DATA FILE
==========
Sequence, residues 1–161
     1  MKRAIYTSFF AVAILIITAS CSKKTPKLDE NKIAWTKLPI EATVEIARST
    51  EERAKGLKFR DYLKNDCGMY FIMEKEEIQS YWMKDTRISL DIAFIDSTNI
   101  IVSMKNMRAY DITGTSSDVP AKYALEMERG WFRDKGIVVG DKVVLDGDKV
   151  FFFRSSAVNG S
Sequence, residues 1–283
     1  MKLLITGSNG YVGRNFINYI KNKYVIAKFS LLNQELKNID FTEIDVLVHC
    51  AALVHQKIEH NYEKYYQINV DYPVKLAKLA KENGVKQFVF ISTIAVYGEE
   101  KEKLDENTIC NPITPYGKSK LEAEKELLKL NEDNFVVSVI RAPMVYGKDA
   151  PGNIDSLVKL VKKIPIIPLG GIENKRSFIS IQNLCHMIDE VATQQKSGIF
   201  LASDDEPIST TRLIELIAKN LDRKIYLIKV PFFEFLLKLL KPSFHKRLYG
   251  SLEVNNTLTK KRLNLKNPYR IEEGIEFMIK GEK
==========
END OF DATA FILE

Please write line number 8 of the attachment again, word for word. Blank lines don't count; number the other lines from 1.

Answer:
    51  AALVHQKIEH NYEKYYQINV DYPVKLAKLA KENGVKQFVF ISTIAVYGEE